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Yes it does. Increasing the pressure of a reaction by decreasing volume favors the side of the reaction with less mols of gas. If you increase pressure by adding an inert gas, it doesn’t change the concentration of reactants or products.
If the change in pressure changed the volume, it affects the concentration. If the change in pressure was caused by the addition of an intert gas, the volume hasn't changed so the concentrations have not changed.
As an addition to the earlier replies: Although changing the pressure changes the concentration of the products and reactants, their ratio will return to the equilibrium constant, Kp. Only a change in temperature changes Kp, not the pressure or concentration of products and reactants.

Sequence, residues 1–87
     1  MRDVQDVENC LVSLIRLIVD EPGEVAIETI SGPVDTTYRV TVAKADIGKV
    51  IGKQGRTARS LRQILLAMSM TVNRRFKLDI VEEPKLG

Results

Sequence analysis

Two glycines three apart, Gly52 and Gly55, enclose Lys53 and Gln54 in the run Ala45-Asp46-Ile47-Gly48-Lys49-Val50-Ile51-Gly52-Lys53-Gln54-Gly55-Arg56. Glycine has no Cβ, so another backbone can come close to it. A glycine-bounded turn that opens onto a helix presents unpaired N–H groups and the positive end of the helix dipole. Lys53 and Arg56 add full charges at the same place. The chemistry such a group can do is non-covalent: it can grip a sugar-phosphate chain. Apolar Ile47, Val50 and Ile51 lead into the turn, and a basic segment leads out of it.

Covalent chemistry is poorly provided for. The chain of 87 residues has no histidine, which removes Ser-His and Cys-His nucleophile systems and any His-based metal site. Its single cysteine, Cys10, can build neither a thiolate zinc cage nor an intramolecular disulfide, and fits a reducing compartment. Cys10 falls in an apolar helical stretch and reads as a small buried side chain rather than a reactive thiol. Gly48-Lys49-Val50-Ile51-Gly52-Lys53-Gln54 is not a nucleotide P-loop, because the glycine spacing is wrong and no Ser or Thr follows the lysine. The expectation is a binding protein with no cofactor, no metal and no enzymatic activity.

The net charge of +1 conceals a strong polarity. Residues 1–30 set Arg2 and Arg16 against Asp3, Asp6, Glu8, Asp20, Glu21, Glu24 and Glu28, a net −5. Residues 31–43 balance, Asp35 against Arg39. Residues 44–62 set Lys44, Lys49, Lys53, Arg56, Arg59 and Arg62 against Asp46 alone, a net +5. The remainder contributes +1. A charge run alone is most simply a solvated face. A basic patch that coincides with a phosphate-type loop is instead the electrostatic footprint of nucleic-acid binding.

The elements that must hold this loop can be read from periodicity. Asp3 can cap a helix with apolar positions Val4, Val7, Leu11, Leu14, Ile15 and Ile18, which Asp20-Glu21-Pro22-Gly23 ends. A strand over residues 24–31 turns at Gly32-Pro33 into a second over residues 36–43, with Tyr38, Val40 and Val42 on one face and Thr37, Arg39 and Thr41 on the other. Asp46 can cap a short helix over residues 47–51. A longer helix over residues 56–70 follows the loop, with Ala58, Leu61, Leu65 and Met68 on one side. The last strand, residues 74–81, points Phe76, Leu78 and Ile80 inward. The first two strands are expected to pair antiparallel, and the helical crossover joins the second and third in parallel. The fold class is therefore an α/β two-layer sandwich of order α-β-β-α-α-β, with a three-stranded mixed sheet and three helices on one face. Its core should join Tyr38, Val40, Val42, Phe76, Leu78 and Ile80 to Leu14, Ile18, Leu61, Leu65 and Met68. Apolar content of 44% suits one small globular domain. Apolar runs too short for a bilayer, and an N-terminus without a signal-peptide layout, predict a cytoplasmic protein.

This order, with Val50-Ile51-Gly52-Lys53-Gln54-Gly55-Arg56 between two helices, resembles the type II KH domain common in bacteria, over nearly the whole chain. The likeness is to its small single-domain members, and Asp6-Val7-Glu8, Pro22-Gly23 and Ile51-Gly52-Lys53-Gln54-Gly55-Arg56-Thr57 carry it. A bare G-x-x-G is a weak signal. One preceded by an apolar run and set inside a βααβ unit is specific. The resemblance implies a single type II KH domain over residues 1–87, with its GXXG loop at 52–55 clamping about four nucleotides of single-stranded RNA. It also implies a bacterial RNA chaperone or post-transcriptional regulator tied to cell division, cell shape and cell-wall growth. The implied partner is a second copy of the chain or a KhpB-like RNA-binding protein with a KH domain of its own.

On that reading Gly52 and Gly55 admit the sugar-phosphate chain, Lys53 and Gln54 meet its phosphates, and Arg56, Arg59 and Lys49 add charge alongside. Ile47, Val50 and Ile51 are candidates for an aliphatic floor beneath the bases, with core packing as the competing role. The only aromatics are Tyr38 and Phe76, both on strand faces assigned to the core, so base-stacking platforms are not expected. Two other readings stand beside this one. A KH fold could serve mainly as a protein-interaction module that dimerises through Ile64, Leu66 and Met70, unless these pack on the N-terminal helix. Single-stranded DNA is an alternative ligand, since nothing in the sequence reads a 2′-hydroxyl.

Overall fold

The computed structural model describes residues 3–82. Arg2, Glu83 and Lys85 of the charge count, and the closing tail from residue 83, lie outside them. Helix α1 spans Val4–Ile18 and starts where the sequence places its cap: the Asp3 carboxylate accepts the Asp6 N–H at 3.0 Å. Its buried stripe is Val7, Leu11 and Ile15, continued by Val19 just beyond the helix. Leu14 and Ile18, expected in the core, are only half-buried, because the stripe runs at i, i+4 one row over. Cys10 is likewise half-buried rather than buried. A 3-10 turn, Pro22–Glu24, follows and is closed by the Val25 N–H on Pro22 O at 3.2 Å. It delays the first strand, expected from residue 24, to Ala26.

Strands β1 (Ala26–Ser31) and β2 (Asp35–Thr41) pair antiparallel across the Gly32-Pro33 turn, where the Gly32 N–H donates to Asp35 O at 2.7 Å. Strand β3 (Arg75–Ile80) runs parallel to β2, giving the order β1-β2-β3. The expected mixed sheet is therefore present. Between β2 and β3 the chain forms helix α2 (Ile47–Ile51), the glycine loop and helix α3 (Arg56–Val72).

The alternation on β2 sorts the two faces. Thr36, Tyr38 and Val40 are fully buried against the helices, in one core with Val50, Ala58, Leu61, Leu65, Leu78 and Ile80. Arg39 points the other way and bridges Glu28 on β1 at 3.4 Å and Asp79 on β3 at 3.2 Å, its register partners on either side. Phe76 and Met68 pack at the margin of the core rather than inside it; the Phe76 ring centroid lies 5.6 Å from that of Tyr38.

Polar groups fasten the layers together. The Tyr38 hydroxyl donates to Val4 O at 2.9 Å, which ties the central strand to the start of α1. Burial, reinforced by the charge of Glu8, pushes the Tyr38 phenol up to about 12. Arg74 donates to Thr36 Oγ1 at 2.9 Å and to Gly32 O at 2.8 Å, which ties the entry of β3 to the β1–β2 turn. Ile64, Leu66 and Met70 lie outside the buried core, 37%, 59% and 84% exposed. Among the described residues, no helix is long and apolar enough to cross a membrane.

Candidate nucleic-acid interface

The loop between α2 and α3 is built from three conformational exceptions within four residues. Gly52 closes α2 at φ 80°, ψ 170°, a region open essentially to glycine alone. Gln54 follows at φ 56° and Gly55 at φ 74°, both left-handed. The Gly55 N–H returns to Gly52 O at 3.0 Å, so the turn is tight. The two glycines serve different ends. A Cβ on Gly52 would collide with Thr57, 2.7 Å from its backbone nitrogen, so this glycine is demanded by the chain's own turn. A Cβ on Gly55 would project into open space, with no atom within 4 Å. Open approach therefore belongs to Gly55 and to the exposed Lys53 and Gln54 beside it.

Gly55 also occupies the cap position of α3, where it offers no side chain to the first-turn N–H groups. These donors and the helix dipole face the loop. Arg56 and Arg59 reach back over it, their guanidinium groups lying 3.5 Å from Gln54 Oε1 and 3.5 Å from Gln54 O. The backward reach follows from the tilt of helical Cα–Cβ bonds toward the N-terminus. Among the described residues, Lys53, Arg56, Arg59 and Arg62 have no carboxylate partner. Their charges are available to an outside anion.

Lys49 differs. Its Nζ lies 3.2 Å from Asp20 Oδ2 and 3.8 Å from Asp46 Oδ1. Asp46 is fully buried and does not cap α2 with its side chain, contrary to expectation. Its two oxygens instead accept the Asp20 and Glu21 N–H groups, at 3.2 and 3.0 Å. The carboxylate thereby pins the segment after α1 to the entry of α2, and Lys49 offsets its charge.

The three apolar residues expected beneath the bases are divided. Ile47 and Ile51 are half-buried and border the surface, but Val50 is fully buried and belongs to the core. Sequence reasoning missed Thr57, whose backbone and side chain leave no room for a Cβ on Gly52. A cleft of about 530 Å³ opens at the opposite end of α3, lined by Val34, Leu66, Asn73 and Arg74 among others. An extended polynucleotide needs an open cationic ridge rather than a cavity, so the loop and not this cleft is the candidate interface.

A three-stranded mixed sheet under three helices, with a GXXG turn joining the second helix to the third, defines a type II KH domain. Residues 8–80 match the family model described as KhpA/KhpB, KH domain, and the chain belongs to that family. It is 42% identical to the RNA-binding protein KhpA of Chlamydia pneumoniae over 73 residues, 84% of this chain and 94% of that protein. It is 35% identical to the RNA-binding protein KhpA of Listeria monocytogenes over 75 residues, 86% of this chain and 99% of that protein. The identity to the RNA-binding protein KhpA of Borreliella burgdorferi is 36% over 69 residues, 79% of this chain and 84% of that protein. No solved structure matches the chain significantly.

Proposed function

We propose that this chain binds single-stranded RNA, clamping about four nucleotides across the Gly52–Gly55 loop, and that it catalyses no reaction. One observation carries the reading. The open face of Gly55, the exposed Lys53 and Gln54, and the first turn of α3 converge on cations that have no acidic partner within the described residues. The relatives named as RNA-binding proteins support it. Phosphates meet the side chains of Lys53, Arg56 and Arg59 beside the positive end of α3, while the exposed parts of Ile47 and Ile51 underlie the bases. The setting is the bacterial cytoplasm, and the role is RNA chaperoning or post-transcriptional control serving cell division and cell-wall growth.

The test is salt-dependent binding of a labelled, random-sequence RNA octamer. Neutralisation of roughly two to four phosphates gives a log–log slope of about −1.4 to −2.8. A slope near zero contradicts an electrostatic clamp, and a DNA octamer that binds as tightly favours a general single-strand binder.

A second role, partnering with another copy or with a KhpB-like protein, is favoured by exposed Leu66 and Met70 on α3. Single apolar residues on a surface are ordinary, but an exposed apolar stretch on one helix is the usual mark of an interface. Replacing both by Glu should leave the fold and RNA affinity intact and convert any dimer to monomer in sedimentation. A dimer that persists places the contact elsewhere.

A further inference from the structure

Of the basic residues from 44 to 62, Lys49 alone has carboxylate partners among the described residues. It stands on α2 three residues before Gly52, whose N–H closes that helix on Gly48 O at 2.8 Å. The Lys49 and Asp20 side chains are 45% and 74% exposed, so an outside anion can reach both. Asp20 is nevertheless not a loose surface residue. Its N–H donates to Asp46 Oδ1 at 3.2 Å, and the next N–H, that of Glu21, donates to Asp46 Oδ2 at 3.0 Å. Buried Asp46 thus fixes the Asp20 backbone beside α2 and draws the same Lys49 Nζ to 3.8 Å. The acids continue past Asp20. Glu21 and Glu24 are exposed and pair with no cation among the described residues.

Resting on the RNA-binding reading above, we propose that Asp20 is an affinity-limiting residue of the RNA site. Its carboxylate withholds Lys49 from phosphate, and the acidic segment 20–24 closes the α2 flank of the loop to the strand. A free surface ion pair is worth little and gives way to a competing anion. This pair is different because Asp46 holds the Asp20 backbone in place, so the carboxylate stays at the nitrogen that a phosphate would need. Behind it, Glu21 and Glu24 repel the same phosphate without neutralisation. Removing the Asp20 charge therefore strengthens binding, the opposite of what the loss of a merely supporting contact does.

When there is an increase in pressure, the equilibrium will shift towards the side of the reaction with fewer moles of gas. When there is a decrease in pressure, the equilibrium will shift towards the side of the reaction with more moles of gas.
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